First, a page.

(b) Attempt or Conspiracy With Respect to Homicide. Whoever outside the United States attempts to kill, or engages in a conspiracy to kill, a national of the United States shall
(1) in the case of an attempt to commit a killing that is a murder as defined in this chapter, be fined under this title or imprisoned not more than 20 years, or both; and
(2) in the case of a conspiracy by two or more persons to commit a killing that is a murder as defined in section 1111 (a) of this title, if one or more of such persons do any overt act to effect the object of the conspiracy, be fined under this title or imprisoned for any term of years or for life, or both so fined and so imprisoned.
(c) Other Conduct. Whoever outside the United States engages in physical violence
(1) with intent to cause serious bodily injury to a national of the United States; or
(2) with the result that serious bodily injury is caused to a national of the United States;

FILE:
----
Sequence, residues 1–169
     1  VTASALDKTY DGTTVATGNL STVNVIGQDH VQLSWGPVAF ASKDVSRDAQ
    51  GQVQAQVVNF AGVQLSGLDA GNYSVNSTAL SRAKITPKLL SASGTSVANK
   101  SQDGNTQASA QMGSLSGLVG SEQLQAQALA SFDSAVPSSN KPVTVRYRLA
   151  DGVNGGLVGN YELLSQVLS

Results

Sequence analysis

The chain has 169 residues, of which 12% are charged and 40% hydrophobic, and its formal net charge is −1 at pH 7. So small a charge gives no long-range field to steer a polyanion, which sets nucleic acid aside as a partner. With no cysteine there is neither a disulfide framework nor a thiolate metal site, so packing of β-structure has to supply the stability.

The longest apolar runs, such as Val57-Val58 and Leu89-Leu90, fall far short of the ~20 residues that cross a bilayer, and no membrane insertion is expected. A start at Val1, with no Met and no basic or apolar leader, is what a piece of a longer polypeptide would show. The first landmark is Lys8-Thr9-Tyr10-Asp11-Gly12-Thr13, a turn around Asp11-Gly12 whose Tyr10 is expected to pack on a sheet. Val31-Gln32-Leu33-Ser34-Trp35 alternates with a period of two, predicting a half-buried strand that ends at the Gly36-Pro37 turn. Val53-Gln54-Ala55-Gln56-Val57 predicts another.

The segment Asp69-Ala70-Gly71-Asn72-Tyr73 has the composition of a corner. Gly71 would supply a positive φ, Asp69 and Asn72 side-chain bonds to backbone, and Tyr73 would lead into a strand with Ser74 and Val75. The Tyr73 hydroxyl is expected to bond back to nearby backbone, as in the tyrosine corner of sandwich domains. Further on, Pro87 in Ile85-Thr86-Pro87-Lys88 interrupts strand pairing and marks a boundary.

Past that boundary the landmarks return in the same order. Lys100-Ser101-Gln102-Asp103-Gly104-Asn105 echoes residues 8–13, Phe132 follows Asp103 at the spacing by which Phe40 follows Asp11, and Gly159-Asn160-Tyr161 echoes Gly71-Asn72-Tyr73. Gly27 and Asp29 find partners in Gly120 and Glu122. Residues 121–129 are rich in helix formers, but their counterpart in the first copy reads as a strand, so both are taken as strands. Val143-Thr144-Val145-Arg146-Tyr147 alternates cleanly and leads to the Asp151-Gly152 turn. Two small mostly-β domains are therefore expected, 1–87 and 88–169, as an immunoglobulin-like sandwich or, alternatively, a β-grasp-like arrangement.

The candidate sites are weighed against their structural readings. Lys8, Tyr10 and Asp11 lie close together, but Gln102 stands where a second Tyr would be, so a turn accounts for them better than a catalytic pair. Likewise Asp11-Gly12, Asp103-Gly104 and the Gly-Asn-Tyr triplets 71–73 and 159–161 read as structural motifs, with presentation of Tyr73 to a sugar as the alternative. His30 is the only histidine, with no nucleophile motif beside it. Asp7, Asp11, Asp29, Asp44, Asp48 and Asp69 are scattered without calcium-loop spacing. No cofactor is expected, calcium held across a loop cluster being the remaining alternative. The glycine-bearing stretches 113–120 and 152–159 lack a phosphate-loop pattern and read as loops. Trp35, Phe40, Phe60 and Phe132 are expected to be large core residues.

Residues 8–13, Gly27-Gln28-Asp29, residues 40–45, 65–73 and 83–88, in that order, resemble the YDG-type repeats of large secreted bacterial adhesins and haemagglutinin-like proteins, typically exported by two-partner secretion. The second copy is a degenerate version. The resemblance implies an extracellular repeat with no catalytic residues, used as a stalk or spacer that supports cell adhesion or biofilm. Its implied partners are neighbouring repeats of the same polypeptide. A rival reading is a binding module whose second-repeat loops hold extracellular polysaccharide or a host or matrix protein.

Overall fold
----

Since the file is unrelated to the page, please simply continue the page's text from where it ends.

shall be fined under this title or imprisoned not more than ten years, or both."

Posted by: cmdicely on September 14, 2006 at 8:04 PM | PERMALINK
Now consider a CIA officer whose job it is to question capotured terrorists. The current law prohibits "degrading treatment."

False. The current US law regarding torture (18 USC § 2340 et seq.) prohibits torture, defined as "an act committed by a person acting under the color of law specifically intended to inflict severe physical or mental pain or suffering (other than pain or suffering incidental to lawful sanctions) upon another person within his custody or physical control", and further defines "severe mental pain and suffering" as "the prolonged mental harm caused by or resulting from